Personally I feel the answer to this has to be no. I noticed a type of weakness, easily mistaken for wisdom, was shown through his conduct and control (or lack thereof) in this council meeting. 'Council of Elrond' seems a little contradictory within its self because it is, in the end, Frodo who saves the day. Perhaps you are of a different opinion but I feel this was further reflected in later chapters when he lacked control over Arwen's decision to stay. I found myself thinking that this was the biggest sign of how out of touch the Elves have become, Legolas being the only one who is, and how with Elrond becoming distant and Galadriel becoming a little tainted by the possibility of taking the ring we see Tolkien pushing Elves from the important matters now throttling Middle Earth.
As each character of the fellowship is introduced we are given the essence of their personality, what do you think of Tolkien's language used when doing this?
Everybody I know who has read Lord of the Rings turns to me when they get to this chapter and asks me how long it drags on. The beginning of LOTR is fairly slow and sadly this Chapter is all too reflective of how matter-of-fact, or overly descriptive, Tolkien's language can become.
I felt, however, that the manner in which he introduced us to these all-important characters was spectacular. He guided us around the Council, one by one, their reaction showing us that this person was going to become more significant. Legolas, in particular, made me smile when he stood up to argue for the King of Gondor. Aragorn is quite quiet until this point when he calms his friend and then speaks wisely to Boromir. Gimli we see with his axe - attacking the ring. We never seperate the two again. This is why I remember this chapter so well.
When Aragorn stands to speak it is to argue against Boromir, we see tension between the two and a bad beginning to a necessary relationship. What differences can we note between them that already label Aragorn heir of Gondor?
A dreadful foot to begin on. Boromir is fiery, unthoughtful and very sterotypical of a man who is too respected in his own lands. The way he tries to sway the Council to his way of thinking is devious and selfish. Yet, despite hatred blooming in the reader, Aragorn stands forth and for the first time we see him in a rather Kingly sense with wise wides soothing the instinctive man who dares not admit that he is King of Gondor. The differences are striking and Tolkien is a genius to have done this because without the extremity of Boromir to compare Aragorn to, we may never have thought him fit for the role.
In the midst of argument Frodo steps forth to take the title of Ring Bearer, we begin to see his character becoming more thoughtful and less happy, what other changes do you notice in him since we met him in the Shire?
This part of the Chapter gnawed at my heart. The wound in Frodo's shoulder and all the malicious experiences since leaving the Shire have dragged down what was a happy hobbit. Of course, Frodo was always quite an introvert but this just intensifies the matter and I was sad thinking about such a lovely character having to face the dangers he would. He is much wiser now and with the aid of Aragorn (or Strider as he is preferred at this point) he has begun to make his decisions with great thought and consideration - not something ever required of the laid back life he led in the Shire.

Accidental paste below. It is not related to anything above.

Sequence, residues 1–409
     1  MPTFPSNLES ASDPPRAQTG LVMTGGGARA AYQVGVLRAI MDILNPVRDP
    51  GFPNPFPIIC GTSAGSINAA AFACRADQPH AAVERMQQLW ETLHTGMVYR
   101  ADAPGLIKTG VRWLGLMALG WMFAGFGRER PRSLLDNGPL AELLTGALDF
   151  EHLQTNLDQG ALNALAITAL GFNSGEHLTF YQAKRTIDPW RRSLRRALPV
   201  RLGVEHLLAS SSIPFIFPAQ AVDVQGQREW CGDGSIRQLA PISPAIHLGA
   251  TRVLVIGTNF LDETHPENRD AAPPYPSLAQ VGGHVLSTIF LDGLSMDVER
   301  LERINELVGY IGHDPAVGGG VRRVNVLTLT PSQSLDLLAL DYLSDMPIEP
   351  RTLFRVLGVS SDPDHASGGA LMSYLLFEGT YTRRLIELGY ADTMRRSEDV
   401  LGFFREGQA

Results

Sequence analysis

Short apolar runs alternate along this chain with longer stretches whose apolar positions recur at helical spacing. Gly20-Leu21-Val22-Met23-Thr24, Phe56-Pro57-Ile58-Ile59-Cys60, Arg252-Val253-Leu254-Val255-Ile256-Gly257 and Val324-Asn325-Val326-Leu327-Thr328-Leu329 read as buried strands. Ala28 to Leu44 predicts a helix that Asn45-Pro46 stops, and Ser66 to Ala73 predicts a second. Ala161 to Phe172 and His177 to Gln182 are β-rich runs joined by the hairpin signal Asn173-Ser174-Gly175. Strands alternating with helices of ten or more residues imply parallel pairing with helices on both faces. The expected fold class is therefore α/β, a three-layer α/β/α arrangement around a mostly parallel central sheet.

>When the other hobbits emerge to offer up service Elrond is weary of sending them but caves, how do you feel about our four trusy hobbits going off to fated peril?
I felt similarly as I did with Frodo and I felt it a great shame that none of them would return to try and protect the Shire. But, then again, without the experiences they gained throughout their perilous journeys they never would have been able to return and overthrow Sauron in 'The Scouring of the Shire'. Of course, I couldn't see much use for Pippin and Merry and could only see use for Sam in the sense of emotional support for the Ring Bearer.
How do you feel about the fellowship selected, is it as strong as is needed? If not, where are the flaws?
Tolkien was wise in his creation of the characters; each has their flaws but each provides great strength to the party. All except Boromir, perhaps. But then the taint of men must be represented in order for Frodo to gain the knowledge and experience that he needs to pluck up the guts to leave the Fellowship at the end of this book. I felt Aragorn, Gandalf and Legolas were perfectly selected though I was a little more doubtful about Gimli. Of course, he added the humour and the book couldn't have lasted without that!
I thoroughly enjoy reading this chapter simply because of all the different emotions that it stirs in me. I guess I also love it because it is when the real story begins and we are able to piece more and more together as this Chapter progresses.
Please feel free to bring up any points you wish to discuss, concerning this chapter.